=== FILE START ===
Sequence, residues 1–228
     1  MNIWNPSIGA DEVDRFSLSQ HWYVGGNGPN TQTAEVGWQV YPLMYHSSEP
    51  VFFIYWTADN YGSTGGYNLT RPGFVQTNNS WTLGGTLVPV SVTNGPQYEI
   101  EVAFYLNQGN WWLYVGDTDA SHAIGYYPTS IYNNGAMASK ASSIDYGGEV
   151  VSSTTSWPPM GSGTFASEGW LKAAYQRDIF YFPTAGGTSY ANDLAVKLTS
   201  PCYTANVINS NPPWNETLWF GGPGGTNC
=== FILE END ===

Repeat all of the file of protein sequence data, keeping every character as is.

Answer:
Sequence, residues 1–228
     1  MNIWNPSIGA DEVDRFSLSQ HWYVGGNGPN TQTAEVGWQV YPLMYHSSEP
    51  VFFIYWTADN YGSTGGYNLT RPGFVQTNNS WTLGGTLVPV SVTNGPQYEI
   101  EVAFYLNQGN WWLYVGDTDA SHAIGYYPTS IYNNGAMASK ASSIDYGGEV
   151  VSSTTSWPPM GSGTFASEGW LKAAYQRDIF YFPTAGGTSY ANDLAVKLTS
   201  PCYTANVINS NPPWNETLWF GGPGGTNC